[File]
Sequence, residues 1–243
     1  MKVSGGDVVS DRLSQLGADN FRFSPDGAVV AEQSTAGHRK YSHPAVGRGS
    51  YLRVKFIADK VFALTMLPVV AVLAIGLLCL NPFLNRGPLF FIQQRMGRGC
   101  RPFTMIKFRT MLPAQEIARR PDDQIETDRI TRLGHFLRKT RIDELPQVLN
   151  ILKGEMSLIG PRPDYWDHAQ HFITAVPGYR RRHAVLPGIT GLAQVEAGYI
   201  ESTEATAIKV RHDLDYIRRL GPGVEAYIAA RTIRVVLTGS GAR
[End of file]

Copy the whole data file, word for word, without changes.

Sequence, residues 1–243
     1  MKVSGGDVVS DRLSQLGADN FRFSPDGAVV AEQSTAGHRK YSHPAVGRGS
    51  YLRVKFIADK VFALTMLPVV AVLAIGLLCL NPFLNRGPLF FIQQRMGRGC
   101  RPFTMIKFRT MLPAQEIARR PDDQIETDRI TRLGHFLRKT RIDELPQVLN
   151  ILKGEMSLIG PRPDYWDHAQ HFITAVPGYR RRHAVLPGIT GLAQVEAGYI
   201  ESTEATAIKV RHDLDYIRRL GPGVEAYIAA RTIRVVLTGS GAR